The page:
“There are going to be days when the sun doesn’t shine, and the wind doesn’t blow,” said Rocky Point-based attorney Steve Losquadro, who is representing the developer TradeWind Energy and property owners Manzi Homes East construction company in Rocky Point. “If you’re truly committed to renewable energy you have to have storage. Otherwise, the whole thing doesn’t work.”

The 11-acre Bakewicz Farms property, located along Route 25A in Wading River down the road from Shoreham-Wading River High School, is rented by the Bakewicz family. Justin Bakewicz, who helps run the farm along with his mother, Marianne, said he built the farm up for two years, from selling hanging baskets to now growing crops and raising livestock. It was his dream to live that rural lifestyle since he was a kid spending time on his grandfather’s farm in Southampton.

“I put my blood, sweat and tears into this farm,” Bakewicz said.

“I put my blood, sweat and tears into this farm.”

— Justin Bakewicz

The land is already zoned for residential, and Losquadro said it already has preliminary approval from the Town of Brookhaven for a subdivision of 14 single-family homes. The attorney stressed new homes could lead to more traffic along the often-traveled corridor, along with concerns over nitrogen pollution from cesspools and a tax impact from the potential new students residences bring. This development would also mean the complete elimination of any farm property.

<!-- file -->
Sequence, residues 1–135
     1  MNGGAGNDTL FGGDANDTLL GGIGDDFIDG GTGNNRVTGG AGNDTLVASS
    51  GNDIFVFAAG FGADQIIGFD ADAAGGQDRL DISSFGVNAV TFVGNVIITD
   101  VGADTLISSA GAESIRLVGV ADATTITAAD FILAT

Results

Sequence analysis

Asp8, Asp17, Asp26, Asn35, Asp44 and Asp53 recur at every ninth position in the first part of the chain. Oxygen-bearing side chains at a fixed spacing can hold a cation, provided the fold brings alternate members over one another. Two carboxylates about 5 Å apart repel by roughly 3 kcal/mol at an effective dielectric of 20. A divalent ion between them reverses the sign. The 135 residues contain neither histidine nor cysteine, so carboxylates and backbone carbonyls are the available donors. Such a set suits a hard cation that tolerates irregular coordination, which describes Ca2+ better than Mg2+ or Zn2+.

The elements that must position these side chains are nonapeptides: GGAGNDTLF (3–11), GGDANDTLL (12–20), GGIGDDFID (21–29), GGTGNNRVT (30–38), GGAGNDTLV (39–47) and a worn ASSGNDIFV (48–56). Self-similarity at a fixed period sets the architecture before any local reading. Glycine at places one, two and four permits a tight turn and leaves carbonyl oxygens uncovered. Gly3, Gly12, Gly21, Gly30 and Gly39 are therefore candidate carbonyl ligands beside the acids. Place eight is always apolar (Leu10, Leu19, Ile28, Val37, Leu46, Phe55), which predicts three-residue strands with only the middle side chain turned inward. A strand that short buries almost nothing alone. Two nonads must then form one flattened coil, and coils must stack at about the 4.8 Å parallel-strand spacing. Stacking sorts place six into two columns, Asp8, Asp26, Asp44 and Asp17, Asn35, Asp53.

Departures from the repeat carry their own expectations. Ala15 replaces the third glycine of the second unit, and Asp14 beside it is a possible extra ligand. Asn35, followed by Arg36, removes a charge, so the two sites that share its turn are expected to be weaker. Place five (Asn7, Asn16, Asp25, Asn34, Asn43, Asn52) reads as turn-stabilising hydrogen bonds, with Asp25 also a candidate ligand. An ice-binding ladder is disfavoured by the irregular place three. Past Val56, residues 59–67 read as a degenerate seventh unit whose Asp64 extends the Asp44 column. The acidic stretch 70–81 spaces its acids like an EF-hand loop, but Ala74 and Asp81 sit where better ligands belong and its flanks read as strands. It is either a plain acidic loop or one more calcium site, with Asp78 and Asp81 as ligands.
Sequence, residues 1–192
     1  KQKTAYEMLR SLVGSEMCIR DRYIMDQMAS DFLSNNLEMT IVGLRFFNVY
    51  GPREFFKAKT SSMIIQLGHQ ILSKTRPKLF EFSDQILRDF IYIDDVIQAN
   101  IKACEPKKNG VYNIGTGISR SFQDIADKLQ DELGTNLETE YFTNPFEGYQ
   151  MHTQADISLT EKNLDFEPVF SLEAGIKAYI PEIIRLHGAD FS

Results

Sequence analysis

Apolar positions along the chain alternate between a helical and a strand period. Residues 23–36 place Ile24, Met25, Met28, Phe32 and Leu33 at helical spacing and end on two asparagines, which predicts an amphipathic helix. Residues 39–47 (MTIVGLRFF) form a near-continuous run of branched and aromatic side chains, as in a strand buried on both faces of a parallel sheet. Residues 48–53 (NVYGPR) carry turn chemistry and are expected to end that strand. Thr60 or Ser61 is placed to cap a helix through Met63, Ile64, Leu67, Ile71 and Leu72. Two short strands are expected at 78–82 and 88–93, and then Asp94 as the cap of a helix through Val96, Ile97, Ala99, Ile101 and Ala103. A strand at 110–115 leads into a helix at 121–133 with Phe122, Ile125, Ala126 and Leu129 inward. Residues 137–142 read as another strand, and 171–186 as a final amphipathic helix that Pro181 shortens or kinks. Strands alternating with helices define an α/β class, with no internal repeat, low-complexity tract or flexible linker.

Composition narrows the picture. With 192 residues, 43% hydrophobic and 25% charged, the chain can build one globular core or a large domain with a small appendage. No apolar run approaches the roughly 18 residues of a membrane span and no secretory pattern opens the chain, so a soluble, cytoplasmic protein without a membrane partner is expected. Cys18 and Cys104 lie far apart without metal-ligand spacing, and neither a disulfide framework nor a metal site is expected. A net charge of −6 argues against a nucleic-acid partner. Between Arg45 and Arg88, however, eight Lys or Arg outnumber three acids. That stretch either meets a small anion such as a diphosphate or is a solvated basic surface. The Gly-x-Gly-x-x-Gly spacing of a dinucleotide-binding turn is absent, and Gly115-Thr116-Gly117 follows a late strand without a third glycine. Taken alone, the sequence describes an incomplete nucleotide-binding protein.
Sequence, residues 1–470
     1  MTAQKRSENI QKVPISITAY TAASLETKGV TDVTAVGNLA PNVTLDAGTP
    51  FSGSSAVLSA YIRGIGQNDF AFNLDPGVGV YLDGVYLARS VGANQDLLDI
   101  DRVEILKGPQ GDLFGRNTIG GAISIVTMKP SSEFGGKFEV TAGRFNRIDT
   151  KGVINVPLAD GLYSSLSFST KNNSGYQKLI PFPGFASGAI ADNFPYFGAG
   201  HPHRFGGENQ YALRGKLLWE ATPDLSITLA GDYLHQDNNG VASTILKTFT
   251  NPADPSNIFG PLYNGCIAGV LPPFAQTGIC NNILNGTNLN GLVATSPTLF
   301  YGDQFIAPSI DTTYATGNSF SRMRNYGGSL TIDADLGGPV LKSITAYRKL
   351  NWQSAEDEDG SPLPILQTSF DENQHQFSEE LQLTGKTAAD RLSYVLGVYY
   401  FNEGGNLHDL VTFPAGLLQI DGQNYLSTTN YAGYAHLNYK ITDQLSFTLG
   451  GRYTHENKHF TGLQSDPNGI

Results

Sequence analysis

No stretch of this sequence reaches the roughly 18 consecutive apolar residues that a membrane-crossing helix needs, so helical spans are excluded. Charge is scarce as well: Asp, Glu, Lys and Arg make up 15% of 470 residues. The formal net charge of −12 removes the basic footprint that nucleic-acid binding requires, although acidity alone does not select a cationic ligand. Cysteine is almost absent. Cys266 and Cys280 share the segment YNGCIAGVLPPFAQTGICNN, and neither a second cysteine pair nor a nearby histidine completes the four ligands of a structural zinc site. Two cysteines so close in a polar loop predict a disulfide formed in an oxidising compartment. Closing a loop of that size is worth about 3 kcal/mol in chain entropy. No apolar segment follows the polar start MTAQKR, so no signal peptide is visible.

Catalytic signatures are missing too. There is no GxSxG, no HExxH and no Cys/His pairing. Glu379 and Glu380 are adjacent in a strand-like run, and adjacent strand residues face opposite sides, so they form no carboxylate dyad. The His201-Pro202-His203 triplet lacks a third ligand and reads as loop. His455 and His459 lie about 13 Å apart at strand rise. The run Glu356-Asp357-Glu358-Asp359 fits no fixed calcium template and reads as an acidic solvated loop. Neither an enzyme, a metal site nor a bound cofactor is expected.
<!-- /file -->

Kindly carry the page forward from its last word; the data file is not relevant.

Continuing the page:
Losquadro said, due to feedback from locals, they are planning to draft up plans of the property that would shield the station from view with trees and accommodate a section of farmland in the front of the property to maintain that rural feel.

“This is the only path they could use to keep the farm,” Losquadro said.

Sid Bail, the president of the Wading River Civic Association, said he has heard from residents who were concerned homes might increase the burden on the Shoreham-Wading River school district. Originally Bail had invited TradeWind to give talks to the civic at its meeting in April, though after listening to more feedback from the community, he said he would withdraw from that meeting and tell the developer to focus on other properties such as the unused site that was once the Shoreham nuclear power plant.